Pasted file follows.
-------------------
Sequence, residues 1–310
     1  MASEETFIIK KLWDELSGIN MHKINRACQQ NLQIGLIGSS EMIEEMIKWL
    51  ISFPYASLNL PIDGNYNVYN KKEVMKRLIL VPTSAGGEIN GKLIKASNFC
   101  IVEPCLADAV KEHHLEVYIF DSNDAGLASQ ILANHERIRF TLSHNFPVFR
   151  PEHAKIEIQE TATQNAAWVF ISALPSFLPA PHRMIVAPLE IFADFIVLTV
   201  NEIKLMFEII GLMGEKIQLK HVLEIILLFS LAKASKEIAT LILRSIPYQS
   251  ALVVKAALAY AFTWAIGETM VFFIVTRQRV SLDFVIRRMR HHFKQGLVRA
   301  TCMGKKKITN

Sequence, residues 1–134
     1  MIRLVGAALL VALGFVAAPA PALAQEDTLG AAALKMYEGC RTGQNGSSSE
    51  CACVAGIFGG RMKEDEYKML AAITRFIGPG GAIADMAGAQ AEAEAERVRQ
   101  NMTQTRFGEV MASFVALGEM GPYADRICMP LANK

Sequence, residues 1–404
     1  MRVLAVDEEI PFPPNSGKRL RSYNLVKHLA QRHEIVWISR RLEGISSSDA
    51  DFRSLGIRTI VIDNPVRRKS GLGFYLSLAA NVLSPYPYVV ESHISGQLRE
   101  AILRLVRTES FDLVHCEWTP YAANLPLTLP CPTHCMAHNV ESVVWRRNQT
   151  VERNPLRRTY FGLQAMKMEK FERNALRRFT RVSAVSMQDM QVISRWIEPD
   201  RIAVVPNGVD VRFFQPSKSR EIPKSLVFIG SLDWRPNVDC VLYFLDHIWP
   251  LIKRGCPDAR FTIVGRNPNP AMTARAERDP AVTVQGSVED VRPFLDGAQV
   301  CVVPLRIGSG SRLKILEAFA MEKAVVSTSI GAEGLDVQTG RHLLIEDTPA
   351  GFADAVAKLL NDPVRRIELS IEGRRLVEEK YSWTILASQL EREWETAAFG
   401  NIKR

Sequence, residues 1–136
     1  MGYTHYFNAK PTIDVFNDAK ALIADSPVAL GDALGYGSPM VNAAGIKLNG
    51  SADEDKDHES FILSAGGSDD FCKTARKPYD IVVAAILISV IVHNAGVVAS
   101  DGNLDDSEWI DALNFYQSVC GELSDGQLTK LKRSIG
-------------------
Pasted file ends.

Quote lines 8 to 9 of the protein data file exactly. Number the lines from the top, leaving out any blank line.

   301  TCMGKKKITN

Sequence, residues 1–134